And this should be the information that IPRA takes advantage of in its bottom-up analysis.

Yes that is expected help from IPRA.

Which leads me to this question, when compiling an entire whole program at one time,
so there is no linking and no LTO, will there ever be IPRA that works within LLC for this scenario,
and is this an objective of your project, or are you focusing only on LTO ?
The current IPRA infrastructure works at compile time so it's scope of optimization is restricted to a compilation unit. So IPRA can only construct correct register usage information if the procedure's code is generated by same compiler instance that means we can't optimize library calls or procedure defined in other module. This is because we can't keep register usage information data across two different compiler instance.

Now if we consider LTO, it eliminates above limitation by making a large IR module from smaller modules before generating code and thus we can have register usage information (at lest) for procedure which was previously defined in other module, because now with LTO every thing is in one module. So that also clarifies that IPRA does not do anything at link time.

Now coming to LLC, it can use IPRA and optimize for functions defined in current module. So yes while compiling whole program ( a single huge .bc file) IPRA can be used with LLC. Also just note that if a software is written in separate files per module (which is very common) and still you want to maximize benefits of IPRA, then we can use llvm-link tool to combine several .bc files to produce a huge .bc file and use that with LLC to get maximum benefits.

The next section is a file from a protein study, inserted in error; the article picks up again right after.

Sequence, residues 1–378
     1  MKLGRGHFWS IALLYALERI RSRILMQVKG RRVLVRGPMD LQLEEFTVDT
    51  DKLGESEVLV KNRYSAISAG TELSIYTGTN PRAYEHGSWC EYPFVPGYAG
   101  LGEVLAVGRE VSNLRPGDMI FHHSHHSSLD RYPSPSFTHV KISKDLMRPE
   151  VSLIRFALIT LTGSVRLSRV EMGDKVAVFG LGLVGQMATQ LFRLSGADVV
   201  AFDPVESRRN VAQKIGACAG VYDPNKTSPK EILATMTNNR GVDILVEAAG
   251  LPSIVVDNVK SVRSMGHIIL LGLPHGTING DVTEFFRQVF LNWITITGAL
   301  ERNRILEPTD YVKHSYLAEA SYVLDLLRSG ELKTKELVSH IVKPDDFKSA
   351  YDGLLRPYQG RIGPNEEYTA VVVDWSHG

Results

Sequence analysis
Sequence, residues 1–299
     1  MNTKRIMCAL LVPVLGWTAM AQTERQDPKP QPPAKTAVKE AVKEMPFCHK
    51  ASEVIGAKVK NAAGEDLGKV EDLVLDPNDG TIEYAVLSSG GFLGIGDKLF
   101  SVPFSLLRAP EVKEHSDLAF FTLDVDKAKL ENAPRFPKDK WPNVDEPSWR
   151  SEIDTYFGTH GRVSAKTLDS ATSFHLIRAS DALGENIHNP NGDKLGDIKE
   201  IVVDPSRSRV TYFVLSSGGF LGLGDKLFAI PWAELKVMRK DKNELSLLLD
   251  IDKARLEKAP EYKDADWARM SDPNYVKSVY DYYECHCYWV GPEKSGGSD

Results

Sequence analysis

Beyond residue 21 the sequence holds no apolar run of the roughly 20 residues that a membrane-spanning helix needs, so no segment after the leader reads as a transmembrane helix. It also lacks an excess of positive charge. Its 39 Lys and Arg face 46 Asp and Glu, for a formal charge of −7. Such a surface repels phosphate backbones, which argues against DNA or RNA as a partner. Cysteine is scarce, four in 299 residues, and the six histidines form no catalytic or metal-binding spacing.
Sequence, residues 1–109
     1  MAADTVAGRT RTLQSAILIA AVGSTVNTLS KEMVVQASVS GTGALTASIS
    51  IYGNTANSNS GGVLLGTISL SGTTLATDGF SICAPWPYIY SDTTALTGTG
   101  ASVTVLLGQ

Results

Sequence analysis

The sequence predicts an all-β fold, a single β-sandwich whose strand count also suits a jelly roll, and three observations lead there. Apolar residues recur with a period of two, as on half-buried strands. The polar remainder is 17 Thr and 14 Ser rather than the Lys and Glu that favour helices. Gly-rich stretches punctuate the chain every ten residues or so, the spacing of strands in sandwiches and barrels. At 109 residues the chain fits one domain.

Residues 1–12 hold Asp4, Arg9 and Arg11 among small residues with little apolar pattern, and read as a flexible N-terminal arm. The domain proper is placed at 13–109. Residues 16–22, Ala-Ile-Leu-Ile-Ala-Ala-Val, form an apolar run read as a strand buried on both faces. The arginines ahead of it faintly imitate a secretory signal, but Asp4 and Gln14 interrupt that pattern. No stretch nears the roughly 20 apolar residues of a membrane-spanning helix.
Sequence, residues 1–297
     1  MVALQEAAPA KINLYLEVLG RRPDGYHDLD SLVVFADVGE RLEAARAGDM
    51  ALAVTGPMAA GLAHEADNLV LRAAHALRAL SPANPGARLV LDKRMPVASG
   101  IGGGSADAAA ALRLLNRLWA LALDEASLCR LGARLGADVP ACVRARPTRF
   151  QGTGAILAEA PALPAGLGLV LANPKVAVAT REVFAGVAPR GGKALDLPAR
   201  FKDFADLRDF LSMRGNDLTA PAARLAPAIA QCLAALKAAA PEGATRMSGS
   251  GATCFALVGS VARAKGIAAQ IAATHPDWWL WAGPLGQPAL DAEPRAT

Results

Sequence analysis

I know this is not the typical “linux” scenario (dynamic linking of not only standard libraries,
but also sometimes even application libraries, and lots of static linking because of program
size), but it is a typical “embedded” scenario, which is where I am currently.

I don't understand this use case but we can have further improvement in IPRA for example if you have several libraries which has already compiled and codegen, but you are able to provide information of register usage for the functions of that libraries than we can think about an approach were we can store register usage information into a file (which will obviously increase compile time) and use that information across different compiler instances so that we can provide register usage information with out having actual code while compiling.

Other thoughts or comments ?

I am looking for some ideas that can improve current IPRA. So if you feel anything relevant please let me know we can discuss and implement feasible ideas.


--Peter Lawrence.

From: vivek pandya [mailto:vivekvpandya at gmail.com<mailto:vivekvpandya at gmail.com>]
Sent: Wednesday, July 06, 2016 2:09 PM